19/01/2017 05:50 GMT | Updated 20/01/2018 05:12 GMT

As A Woman Of Colour, This Is What Women's March London Means To Me

Poorna Bell

It's the 80s.

There is a young Indian woman, and she's trudging through the snow. It's 5am, and she's got to make the two-hour journey to London to get to work, and she's got two young daughters who are still asleep in their beds.

She's facing the same struggles a lot of women do right now - she wants to be with her babies, she's worrying about whether she's a good mother by going to work.

But she's also a first generation immigrant, so she's got the additional task of balancing her gender and her race, trying to carve her life and the identity of her kids in a land that isn't her own.

She doesn't have time to protest for women's rights, so she's going to have to do the best she can.

This woman is my mother, and whether or not she knows it, she is the strongest woman I know.

Diagnosed with a hole in the heart at birth, she has beaten the odds that she wouldn't survive her childhood.

At 16, she took a bus to the hospital carrying her little suitcase, she endured a surgery that had a ridiculously low survival rate, and she went on to have a career in the government.

She is relentless in the drive for my sister and I to be happy and be the best at what we do; she is the reason we have never, not for one minute thought we couldn't do something because we were women.

'Make your own money, be financially independent of a man' is her (and to be fair my dad's) mantra.

One of my favourite memories of her is marching up to the bar at an Indian wedding, past all the gobsmacked men, and ordering a double whisky because someone told her that apparently it wasn't seemly for women to drink alcohol.

As strong a woman as my mother is, there were some things she couldn't quite protect me from - and that's because some of gender inequality isn't always obvious as the bruises on a woman's face, or the loud catcall that rings through the street.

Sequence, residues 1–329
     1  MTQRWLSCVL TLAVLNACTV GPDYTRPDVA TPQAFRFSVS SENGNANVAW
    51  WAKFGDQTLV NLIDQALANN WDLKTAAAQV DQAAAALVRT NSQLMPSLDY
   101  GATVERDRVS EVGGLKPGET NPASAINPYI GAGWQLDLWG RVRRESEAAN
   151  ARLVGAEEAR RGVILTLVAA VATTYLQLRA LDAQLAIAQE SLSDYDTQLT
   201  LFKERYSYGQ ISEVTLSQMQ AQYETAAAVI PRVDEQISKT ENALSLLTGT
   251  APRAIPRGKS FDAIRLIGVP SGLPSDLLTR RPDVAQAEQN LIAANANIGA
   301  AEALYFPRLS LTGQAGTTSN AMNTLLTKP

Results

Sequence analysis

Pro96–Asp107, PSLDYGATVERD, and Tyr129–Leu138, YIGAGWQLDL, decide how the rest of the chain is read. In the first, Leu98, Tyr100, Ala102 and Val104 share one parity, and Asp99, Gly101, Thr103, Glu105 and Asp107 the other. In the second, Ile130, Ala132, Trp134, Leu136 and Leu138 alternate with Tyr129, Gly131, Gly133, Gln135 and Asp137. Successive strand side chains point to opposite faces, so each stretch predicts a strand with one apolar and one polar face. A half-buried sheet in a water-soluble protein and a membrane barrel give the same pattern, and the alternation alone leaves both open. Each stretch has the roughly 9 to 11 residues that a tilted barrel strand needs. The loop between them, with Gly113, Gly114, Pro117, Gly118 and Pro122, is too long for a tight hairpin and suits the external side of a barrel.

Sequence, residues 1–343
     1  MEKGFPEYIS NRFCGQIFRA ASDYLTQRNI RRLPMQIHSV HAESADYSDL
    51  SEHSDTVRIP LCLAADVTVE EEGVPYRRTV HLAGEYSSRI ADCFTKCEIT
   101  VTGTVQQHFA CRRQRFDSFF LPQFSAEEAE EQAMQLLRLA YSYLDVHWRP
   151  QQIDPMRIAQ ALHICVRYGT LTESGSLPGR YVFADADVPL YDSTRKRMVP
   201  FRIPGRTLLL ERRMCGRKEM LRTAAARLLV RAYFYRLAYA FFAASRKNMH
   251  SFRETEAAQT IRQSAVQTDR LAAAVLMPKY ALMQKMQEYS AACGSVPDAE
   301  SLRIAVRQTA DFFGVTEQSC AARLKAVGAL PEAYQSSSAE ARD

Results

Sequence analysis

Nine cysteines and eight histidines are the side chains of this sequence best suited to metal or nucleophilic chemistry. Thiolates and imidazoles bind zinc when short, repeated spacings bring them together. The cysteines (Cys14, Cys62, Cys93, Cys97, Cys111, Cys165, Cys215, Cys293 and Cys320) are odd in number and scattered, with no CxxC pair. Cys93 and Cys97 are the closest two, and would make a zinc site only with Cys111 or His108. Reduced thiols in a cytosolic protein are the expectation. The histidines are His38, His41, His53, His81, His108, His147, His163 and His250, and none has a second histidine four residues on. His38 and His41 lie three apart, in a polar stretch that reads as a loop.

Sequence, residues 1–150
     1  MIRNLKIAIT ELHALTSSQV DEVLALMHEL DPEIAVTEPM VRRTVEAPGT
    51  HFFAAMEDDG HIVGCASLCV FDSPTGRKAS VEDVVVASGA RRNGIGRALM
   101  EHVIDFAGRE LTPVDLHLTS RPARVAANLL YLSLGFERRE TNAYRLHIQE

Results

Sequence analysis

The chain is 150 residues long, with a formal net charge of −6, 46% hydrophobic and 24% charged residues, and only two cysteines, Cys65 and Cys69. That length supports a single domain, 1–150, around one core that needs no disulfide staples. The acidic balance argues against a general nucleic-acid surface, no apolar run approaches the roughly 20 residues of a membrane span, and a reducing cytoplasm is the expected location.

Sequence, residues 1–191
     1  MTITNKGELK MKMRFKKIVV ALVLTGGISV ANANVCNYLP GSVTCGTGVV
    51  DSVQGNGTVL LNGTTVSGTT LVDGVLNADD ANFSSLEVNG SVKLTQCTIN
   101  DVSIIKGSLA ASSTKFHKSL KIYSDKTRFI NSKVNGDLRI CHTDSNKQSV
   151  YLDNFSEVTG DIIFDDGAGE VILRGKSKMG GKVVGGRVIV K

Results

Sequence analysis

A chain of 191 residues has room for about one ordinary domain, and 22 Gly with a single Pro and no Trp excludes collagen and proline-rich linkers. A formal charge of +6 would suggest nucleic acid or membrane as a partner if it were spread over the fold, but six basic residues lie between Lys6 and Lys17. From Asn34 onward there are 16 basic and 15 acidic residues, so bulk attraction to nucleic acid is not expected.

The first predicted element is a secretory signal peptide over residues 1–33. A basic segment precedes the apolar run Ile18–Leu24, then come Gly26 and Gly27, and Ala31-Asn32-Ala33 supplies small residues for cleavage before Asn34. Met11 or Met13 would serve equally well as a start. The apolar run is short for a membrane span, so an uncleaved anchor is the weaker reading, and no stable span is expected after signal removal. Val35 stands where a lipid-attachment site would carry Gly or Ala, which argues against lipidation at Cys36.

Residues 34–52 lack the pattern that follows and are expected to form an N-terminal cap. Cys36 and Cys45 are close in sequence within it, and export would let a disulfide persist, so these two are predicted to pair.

A lot of it is wrapped so fluidly around society like an octopus that sometimes it is hard to spot - objectification, self worth, unconscious bias, body image standards - and a lot of it is so ludicrous we can't believe it still exists - unequal pay, and gender disparity in every career, especially at the top.

I was born in a generation that didn't really protest. I didn't have to trudge in the snow at 5am, I have a thousand options open to me about how to live my life because my mother battled through it for me- both as a woman and as an immigrant.

But now I find myself - slightly shamefacedly because it took this long - about to embark on my first ever march.

In truth, it was actually Sophie Walker's rousing vlog that did it.

It was her words about change happening when all women are being seen and heard. For me, as a woman of colour, it is so important to be seen. My mother and women like her didn't really have the luxury of protesting - the issue of race and survival far outweighed that.

But I do.

Don't get me wrong, there is still a lot that needs to be done with the BAME (Black, Asian and Minority Ethnic) communities in Britain - if you think the female pay gap is a travesty, then hold onto your socks because BAME people face a 10% pay deficit across all industries.

But the reason it has taken me this long to join a march is because people from my mother's background and generation didn't. It's not that I wasn't inspired or incensed when I saw gender inequality, but genuinely, I didn't know what I could change by doing so.

What I've come to realise is that it's not really about Trump. He's the President-elect of a country that isn't my own and nothing I do will change that.

For me, it's about two things.

It's about telling little girls - who will learn about this in history classes in years to come - that we weren't okay with it. That women wanted their basic rights and values as human beings acknowledged, and that the election of Trump and the continuing disparity in female representation in every industry, at every level in the UK, is evidence that this is still happening.

But the second, and perhaps this is closer to home, is that it's about honouring my mother and the struggles she went through to give us a better life. And it's about representing my female Asian community because, as silly as it sounds, you won't know you can do something until you see someone like you doing it.

It's so when my niece Leela grows up, she won't hesitate to lace her boots up and march because she's already seen me do it.

Because there will come a day when the generation we are raising now, will become the leaders that will shape the world. And our actions now, in how we respond to this, will influence and inform the people they become.